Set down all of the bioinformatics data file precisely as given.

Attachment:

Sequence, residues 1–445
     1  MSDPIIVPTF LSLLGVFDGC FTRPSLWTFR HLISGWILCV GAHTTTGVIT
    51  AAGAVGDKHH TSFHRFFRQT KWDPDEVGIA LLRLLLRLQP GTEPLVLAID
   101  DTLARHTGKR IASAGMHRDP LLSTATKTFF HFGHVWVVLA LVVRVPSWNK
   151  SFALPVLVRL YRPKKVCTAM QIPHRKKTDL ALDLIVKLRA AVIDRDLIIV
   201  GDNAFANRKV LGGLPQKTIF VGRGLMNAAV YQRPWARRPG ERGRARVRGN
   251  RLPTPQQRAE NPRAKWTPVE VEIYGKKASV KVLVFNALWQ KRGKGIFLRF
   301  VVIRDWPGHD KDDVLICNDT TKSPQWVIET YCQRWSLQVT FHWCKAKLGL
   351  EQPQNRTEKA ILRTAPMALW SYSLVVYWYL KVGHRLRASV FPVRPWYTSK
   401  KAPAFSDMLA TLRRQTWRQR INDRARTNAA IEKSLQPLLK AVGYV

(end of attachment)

Sequence, residues 1–445
     1  MSDPIIVPTF LSLLGVFDGC FTRPSLWTFR HLISGWILCV GAHTTTGVIT
    51  AAGAVGDKHH TSFHRFFRQT KWDPDEVGIA LLRLLLRLQP GTEPLVLAID
   101  DTLARHTGKR IASAGMHRDP LLSTATKTFF HFGHVWVVLA LVVRVPSWNK
   151  SFALPVLVRL YRPKKVCTAM QIPHRKKTDL ALDLIVKLRA AVIDRDLIIV
   201  GDNAFANRKV LGGLPQKTIF VGRGLMNAAV YQRPWARRPG ERGRARVRGN
   251  RLPTPQQRAE NPRAKWTPVE VEIYGKKASV KVLVFNALWQ KRGKGIFLRF
   301  VVIRDWPGHD KDDVLICNDT TKSPQWVIET YCQRWSLQVT FHWCKAKLGL
   351  EQPQNRTEKA ILRTAPMALW SYSLVVYWYL KVGHRLRASV FPVRPWYTSK
   401  KAPAFSDMLA TLRRQTWRQR INDRARTNAA IEKSLQPLLK AVGYV